The Berkeley Carroll School

Four Year Timeline

College Preparation in 9th and 10th Grades

Some students and parents may be wondering if there is anything they should be doing to prepare in 9th and 10th grades for the college admission process. Given the fever pitch of the college admission process in New York and in the national media in general, it’s easy to feel like you’re already behind.

You are not. The reality is this: for this process to go well, it has to correspond to adolescent development and certain fixed benchmarks along the high school trajectory. Experience clearly shows that starting too early results in a process focused on the wrong ideas: “how do I get in?” becomes * more important than “what am I looking for?” because this last question cannot yet be adequately tackled, regardless of how smart, mature, or high-achieving a student might be.

At Berkeley Carroll, we feel strongly that students are best prepared for the college process if they concentrate on learning and their high school education first. Here is some general advice that isn’t really about getting into college, but if followed, will pay its dividends a few years hence.

  • Students should start now to cultivate the study habits and organizational skills that will help them be successful throughout high school. If you are struggling in a class, seek out help from your teachers. If you are finding inspiration in a subject, let your teachers know! One of Berkeley Carroll’s strengths is its faculty, so get to know your teachers, advisor and grade dean. They can help you understand how you learn best and how to make the most of your academic potential.
  • Ninth and 10th graders should look for ways to get involved in the Berkeley Carroll community. Make the most of the extraordinary opportunities available to you here! Now is the time to get involved; explore and find something you love to do.

There is a pervasive myth that colleges seek to fill their freshman classes with well-rounded students when, in reality, they want to admit students who together will make up a well-rounded class. That means colleges are most interested in students who have shown commitment to their activities and demonstrate deep involvement in a few rather than sporadic participation in many.

If you invest in activities that you enjoy, you will look forward to school each day and your ability to succeed, even excel, in academics and extracurricular life will come more naturally.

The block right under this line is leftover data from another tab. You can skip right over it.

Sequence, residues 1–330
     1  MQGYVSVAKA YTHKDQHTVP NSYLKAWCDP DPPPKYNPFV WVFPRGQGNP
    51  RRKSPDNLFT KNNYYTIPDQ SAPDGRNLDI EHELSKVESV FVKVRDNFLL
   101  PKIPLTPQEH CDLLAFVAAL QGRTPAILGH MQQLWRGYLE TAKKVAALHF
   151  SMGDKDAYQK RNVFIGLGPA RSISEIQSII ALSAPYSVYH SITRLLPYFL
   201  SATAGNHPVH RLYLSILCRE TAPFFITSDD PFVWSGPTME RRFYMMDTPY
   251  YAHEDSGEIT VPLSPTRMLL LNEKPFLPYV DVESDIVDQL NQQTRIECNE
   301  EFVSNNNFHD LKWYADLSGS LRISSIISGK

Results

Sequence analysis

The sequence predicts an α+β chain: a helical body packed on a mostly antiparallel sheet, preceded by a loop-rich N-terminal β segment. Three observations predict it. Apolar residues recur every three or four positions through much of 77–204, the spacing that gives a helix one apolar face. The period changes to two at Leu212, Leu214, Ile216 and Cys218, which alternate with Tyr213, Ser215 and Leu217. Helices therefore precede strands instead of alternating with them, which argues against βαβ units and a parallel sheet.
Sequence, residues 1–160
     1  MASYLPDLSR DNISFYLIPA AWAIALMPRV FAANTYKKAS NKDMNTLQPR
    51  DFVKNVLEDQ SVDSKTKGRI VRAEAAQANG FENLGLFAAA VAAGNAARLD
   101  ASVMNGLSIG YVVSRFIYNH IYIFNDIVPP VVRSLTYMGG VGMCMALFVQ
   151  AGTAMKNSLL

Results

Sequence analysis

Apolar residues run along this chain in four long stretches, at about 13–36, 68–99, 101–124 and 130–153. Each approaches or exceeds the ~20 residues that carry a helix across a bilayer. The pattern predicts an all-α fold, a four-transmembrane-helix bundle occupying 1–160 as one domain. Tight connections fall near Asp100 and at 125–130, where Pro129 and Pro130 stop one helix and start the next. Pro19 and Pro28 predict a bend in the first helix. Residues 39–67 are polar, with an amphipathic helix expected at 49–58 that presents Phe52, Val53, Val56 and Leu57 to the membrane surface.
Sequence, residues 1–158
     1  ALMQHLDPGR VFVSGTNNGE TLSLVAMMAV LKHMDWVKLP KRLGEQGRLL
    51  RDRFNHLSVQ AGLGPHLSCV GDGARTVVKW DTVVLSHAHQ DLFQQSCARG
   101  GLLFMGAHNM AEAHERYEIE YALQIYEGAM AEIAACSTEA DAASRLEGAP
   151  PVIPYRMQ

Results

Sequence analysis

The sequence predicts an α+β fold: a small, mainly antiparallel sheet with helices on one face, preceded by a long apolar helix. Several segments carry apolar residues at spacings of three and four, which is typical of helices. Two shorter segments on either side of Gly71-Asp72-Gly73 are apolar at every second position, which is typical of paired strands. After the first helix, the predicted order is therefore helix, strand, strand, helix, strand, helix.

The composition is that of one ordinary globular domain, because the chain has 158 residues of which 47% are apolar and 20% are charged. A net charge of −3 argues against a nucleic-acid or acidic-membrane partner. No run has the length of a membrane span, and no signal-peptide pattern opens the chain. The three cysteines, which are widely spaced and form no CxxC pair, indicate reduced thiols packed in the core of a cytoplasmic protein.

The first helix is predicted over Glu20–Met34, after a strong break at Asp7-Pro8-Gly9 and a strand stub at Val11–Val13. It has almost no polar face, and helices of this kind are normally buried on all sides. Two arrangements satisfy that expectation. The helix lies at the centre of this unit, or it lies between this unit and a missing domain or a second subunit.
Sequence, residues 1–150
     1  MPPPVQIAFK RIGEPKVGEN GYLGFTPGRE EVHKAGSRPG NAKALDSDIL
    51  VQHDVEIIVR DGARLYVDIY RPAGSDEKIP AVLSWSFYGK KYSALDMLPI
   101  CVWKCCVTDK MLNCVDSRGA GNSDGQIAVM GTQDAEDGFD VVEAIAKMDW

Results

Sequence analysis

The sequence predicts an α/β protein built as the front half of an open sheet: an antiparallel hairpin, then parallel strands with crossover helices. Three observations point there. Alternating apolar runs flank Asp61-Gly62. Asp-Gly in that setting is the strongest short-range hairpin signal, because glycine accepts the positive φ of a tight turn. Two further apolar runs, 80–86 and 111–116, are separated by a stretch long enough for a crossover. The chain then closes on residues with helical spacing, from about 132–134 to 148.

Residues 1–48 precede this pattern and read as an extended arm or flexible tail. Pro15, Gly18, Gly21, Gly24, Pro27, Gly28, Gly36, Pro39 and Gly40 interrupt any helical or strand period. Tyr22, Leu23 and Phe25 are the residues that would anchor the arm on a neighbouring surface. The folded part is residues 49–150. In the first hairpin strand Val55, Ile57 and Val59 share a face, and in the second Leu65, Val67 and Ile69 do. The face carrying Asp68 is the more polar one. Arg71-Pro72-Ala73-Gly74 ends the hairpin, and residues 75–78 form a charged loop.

• Students are introduced to college admission tests – the ACT and SAT – in the spring of 10th grade. After several sessions on the differences between the two tests, and strategies for doing well on them, sophomores take a diagnostic to help them decide which of the two tests to focus on. Beginning in 2016, sophomores may also take the PSAT (the Preliminary SAT) for the first time in February. As a 9th or 10th grader, you should not do any formal preparation for the PSAT; however, your future test scores will be higher if you start cultivating good habits now. Pick up a book that isn’t an assignment from time to time. Reading is absolutely the best preparation for the critical reading section of the SAT.
  • When summer comes, it is important to take time to relax and recharge your batteries, but you should do something productive, too. Get a job, volunteer, attend an academic program, go to camp or travel. You want to keep your brain nimble and have some new experiences that will teach you something about yourself. Marathon TV sessions and simply ‘hanging out’ won’t provide much by way of enlightenment or dazzling college interview responses down the road.

The College Process in 11th and 12th Grades

Since students and parents begin to receive detailed information about the college process beginning in 11th grade, what follows is only a skeletal sample timeline for the last two years of high school.



  • Students and parents invited to a college process orientation meeting
  • Students take the PSAT


  • Individual family meetings with college counselor to begin process


  • Take SAT or ACT
  • First college visits over Spring Break
  • Informal check-ins with college counselor following campus visits
  • Register to take June Subject Test, if applicable


  • Brooklyn/Staten Island College Fair
  • Take SAT


  • Take Subject Tests, if applicable
  • Take ACT


  • College visits, first interviews



  • Individual family meetings with college counselor
  • Ask teachers to write letters of recommendations
  • Meet with college representatives visiting Berkeley Carroll
  • Begin working on essays
  • Retake SAT or ACT if necessary


  • Take Subject Tests, if necessary
  • Most Early Decision/Early Action applications due
  • Submit final list of colleges to College Office
  • Arrange for official SAT or ACT scores to be sent to colleges


  • Submit applications


  • January 1 deadline for many college applications
  • Make sure financial aid forms meet deadlines

April 1

  • Notification of admission status

May 1

  • National Reply Date: put down a deposit at the college you will attend!
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